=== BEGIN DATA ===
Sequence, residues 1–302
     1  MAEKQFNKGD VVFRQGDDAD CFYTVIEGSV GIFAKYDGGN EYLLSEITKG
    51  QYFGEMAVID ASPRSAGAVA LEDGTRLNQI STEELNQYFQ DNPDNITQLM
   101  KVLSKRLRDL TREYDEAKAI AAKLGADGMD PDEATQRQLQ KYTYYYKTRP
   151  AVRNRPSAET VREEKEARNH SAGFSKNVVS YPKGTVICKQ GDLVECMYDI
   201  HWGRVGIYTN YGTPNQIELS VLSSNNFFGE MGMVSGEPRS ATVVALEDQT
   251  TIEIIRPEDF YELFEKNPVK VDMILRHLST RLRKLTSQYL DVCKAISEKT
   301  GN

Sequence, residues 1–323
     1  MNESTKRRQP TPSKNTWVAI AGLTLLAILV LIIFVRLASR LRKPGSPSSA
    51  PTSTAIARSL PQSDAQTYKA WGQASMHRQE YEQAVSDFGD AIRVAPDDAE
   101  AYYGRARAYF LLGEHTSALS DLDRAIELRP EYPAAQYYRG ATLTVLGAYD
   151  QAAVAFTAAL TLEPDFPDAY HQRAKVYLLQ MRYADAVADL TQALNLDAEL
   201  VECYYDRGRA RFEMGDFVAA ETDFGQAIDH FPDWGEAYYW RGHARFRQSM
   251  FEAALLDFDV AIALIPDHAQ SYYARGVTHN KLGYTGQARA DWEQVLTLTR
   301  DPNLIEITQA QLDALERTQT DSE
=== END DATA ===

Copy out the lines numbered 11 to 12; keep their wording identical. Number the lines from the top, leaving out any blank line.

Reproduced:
    51  PTSTAIARSL PQSDAQTYKA WGQASMHRQE YEQAVSDFGD AIRVAPDDAE
   101  AYYGRARAYF LLGEHTSALS DLDRAIELRP EYPAAQYYRG ATLTVLGAYD